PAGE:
October 1973, the “One” Squadron which began the “Yom Kippur” war with remnants of euphoria from its actions in the 1967 “Six Day” War, lost seven airmen, 14 others were taken captive and its commander was injured and replaced in the midst of intensive combat.
43 years have passed since the “Yom Kippur” War, which surprised the state of Israel and the IDF. The presumption was that as a result of the crushing victory of the 1967 “Six Day” War, the Arab states wouldn’t initiate another war against Israel. “At 13:58, when most of the squadron members were busy preparing to attack the T-4 airport, the siren sounded. A first formation of four took off and two more followed. In seconds, the squadron was empty. Only once we received permission to patrol over crucial areas and search for enemy jets, it became clear – a war had begun”, the F-4 Phantom squadron’s book describes the first minutes of the campaign.
A Local Matter
In 2003, 30 years after the war, then IAF Commander, Lt. Gen (Res.) Dan Halutz, wrote about those moments in the eyes of a young reservist in the squadron. “October 6, 1973, Saturday morning, ‘Yom Kippur’. At about 06:45 I awoke to the roar of a jet engine in low flight over my house. In the beginning, still foggy, I thought that it was another routine sortie. Quite quickly I recalled that it was Saturday, and ‘Yom Kippur’, the holy day and it became clear to me that it was no routine sortie. From the window I saw an A-4 Skyhawk flying low. ‘Something happened’, I said to Irit, my wife. I got dressed and decide to walk down to the closest payphone and check what happened.
A call on the intercom stopped me in my tracks. ‘Who is it?’ I ask. ‘It’s Shmueli, I’m here to bring you to the squadron’. Shmueli, a young WSO from the squadron, was sent to bring me. What happened, why, for how long? The questions hung in the air. Shmueli didn’t have any answers. We get in the car and make haste to the squadron. On the way we meet Gal Yohar, another WSO, who joins us and rushes us to go faster so we don’t miss an interesting sortie. We are all sure that it was a local matter and it was clear to us that if we wouldn’t get there on time, we would miss it”.
“A first formation of four took off and two more followed” | Archive Photo
Into the Inferno
On the second day of the war, the squadron experienced a dramatic event. The Operation Order for Operation “Model 5”, to destroy Syrian missile batteries, was sent down from IAF HQ to a number of different squadrons, the “One” among them, whose personnel began planning the operation. It very quickly became apparent to the planners that the flight path was problematic as a result of the multiple threats it held for the squadron’s aircraft. The results were harsh: in only five minutes, six of the squadron’s aircraft were hit – four of them were abandoned by their crews and some of the airmen were taken captive, two others were hit but managed to safely land in Ramat-David AFB.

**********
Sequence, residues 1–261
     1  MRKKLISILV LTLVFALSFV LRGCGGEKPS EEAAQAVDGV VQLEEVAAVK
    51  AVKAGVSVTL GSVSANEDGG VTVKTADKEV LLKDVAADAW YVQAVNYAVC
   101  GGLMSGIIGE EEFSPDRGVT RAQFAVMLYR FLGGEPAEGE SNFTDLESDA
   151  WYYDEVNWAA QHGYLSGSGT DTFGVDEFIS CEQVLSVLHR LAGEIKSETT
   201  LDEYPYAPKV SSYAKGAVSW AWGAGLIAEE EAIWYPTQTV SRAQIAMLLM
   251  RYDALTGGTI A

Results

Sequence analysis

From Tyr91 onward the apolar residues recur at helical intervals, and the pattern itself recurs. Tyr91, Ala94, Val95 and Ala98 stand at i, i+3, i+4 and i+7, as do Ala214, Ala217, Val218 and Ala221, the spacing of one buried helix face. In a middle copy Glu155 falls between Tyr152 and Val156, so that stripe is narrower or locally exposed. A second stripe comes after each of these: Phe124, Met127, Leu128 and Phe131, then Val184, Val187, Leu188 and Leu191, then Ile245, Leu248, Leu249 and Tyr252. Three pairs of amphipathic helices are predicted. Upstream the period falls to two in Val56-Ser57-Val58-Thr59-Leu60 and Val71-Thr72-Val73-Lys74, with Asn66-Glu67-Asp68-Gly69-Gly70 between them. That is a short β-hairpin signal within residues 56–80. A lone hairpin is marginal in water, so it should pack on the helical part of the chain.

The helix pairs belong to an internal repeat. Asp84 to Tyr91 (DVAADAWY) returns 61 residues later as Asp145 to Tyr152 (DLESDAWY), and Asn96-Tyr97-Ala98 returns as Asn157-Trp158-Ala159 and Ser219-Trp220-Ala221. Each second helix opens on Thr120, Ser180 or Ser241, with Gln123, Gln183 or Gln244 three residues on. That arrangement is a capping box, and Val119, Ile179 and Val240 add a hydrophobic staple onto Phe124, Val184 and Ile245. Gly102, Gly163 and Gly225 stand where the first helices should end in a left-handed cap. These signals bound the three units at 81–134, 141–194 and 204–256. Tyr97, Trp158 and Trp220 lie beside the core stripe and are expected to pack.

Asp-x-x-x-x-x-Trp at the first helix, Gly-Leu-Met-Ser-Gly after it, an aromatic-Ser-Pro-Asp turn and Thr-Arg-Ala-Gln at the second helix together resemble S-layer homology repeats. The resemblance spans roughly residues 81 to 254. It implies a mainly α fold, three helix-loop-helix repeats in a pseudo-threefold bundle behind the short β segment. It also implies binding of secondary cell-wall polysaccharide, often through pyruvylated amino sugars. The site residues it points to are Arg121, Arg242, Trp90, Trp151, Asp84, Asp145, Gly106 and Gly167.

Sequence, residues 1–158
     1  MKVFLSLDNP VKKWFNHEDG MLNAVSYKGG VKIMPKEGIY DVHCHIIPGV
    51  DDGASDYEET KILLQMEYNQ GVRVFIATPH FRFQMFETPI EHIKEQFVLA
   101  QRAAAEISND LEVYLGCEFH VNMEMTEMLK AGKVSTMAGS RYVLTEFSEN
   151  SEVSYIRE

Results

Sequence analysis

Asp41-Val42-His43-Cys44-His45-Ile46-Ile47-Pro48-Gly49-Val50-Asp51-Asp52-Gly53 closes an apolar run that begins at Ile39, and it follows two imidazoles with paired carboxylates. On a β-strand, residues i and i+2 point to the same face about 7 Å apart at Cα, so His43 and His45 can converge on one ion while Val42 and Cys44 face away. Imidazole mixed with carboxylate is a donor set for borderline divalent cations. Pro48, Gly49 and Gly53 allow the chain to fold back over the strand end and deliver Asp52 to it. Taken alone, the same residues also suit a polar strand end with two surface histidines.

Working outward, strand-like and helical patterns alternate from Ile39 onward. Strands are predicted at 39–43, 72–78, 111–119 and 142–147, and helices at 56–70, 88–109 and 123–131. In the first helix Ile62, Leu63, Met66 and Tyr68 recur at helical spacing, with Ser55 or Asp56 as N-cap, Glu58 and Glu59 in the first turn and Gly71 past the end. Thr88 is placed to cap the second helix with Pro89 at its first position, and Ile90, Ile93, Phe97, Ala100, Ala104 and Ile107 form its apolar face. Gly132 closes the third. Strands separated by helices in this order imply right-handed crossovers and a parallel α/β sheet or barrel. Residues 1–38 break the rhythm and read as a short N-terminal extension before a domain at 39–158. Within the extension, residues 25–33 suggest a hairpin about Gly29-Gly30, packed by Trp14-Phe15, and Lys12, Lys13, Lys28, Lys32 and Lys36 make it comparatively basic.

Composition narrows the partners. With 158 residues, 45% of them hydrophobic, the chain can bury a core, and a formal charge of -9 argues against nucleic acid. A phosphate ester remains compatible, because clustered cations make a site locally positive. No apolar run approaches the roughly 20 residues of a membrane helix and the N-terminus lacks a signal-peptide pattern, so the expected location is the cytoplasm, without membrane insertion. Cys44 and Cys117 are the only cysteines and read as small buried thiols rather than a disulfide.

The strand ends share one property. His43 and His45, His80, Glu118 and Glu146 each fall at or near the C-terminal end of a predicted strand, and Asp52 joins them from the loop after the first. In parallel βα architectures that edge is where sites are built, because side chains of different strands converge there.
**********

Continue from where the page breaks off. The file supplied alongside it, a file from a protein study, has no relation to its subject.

An Egyptian MiG, seconds before crashing & an F-4 Phantom turning to the next MiG | Archive Photo
In His Way
During the war, the Squadron’s command was held by three different commanders. When the war broke out, the Squadron Commander, Lt. Col. Yiftah Semel was in the U.S, so his deputy, Brig. Gen. (Res.) Ron Huldai, took his place. Shortly after Lt. Col. (Res.) Semel returned and took over the command once again, he ejected from his aircraft, was injured and was replaced by Maj. Gen. (Res.) Eitan Ben Eliyahu, then head of a Branch in the IAF’s operational HQ and a former deputy commander of the squadron who later went on to become IAF Commander. When he was appointed, he was told by Maj. Gen. (Res.) Amos Lapidot, then the squadron’s AFB Commander: “I suggest that we give the squadron a day off”. “Under absolutely no circumstances”, shot back Maj. Gen. (Res.) Ben Eliyahu. “There will be no recess of flights”.
“Fine”, said Lapidot. “But let’s agree that in the next few days the squadron will receive missions of a lower operational class”. “Amos, I want you to understand me”, answered Ben Eliyahu while his face went red. “I have no intention for you to force my squadron to rest, it doesn’t matter what you call it”. “Oh alright”, sighed Lapidot, “Do it your way”.
And he surely did. Even though the squadron lost 40 percent of its airmen and more jets than any other F-4 Phantom squadron, when the war ended, the “One” Squadron had downed more enemy aircraft than any other squadron. In 2013, the squadron inaugurated a monument for the squadron members who fell in the war. Beside the names, a silhouette of the “Sufa” (F-16I) is etched on the monument, the jet operated by the “One” Squadron today, with which it continues to write the squadron’s story in the pages of history.
A “Sufa” F-16I Jet from the “One” Squadron | Archive Photo